Requiring EMT experience before paramedic school has harmful implications to the career field as well.  Many services pay EMT’s close to minimum wage, and EMT’s work 60 or more hours each week.  Those who wish to become paramedics must then balance paramedic school with working for an additional year or two.  This makes things like marriage, buying a house, and having children even more challenging.  Nursing, by the way, has no such requirement and pays more.

The paramedic program I teach with does not require EMT experience.  That decision was made in the 90’s when the state’s paramedic programs were moved from hospitals to a community college.  At the time almost all of the state’s EMT’s were volunteers, and the advisory board wanted to make a career as a paramedic open to people outside of the volunteer fire service.  Because of this our program was designed to include much more than the minimum requirements.  For three semester, students spend about 10 hours each week in class, 10 hours in a simulation lab, and sixteen hours each in clinical sites with a faculty preceptor.  Students then go through a field internship with a training officer, where they must demonstrate successful management of a variety of patient types – not just ride on a paramedic unit for a set number of hours.  There is still a learning curve after they graduate, but I think providing supervised clinical experience during paramedic school is  better approach than hoping paramedic students have good experience as EMT’s before entry.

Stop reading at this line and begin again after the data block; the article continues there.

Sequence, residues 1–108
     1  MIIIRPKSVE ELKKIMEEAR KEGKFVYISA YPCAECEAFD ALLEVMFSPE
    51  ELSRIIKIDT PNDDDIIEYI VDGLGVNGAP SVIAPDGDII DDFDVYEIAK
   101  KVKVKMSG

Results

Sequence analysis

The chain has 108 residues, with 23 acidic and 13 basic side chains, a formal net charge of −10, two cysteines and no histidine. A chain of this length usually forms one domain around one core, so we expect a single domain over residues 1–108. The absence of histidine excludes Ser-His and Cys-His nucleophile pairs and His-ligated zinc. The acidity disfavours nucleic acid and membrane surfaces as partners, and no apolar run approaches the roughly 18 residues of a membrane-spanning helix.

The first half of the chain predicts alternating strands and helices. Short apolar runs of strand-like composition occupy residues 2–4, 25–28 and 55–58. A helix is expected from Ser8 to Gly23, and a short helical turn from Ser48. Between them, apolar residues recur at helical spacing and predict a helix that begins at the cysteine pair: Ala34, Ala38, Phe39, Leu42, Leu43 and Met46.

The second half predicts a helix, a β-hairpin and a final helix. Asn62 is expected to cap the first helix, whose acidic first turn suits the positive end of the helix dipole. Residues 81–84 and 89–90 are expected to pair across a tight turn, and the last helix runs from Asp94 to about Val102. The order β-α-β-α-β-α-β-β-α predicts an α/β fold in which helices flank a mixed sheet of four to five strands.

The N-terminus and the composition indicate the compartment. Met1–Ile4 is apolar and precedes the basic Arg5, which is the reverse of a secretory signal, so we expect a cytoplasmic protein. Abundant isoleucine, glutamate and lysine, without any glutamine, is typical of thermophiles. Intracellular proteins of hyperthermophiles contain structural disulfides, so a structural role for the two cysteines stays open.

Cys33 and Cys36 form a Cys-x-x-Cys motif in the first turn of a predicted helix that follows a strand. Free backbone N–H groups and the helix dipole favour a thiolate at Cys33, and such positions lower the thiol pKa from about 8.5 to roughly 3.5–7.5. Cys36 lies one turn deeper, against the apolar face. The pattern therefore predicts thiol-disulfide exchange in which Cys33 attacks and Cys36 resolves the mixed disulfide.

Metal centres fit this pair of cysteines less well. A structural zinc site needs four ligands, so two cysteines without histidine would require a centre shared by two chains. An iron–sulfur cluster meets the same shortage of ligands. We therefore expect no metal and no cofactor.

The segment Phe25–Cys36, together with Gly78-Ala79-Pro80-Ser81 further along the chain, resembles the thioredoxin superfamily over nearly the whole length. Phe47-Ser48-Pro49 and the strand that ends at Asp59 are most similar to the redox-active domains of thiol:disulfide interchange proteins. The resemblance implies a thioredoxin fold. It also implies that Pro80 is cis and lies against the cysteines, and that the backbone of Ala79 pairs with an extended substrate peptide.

In my class I frequently show videos from the Australian show Recruits: Paramedics, and I think that the New South Whales Ambulance Service has a much better education model.  There are a variety of ways to become a paramedic in Australia, and most require a bachelor’s degree before you are ever by yourself on an ambulance.   After graduation from the program, NSW Ambulance has a three year internship program where new paramedics work with an experienced partner.  Compare that with what we expect EMT’s to do after 150 hours in class.

Sorry Chris, but I’m with Kelly on this.  We need to provide paramedic students with the experience in school, not on the job as EMT’s.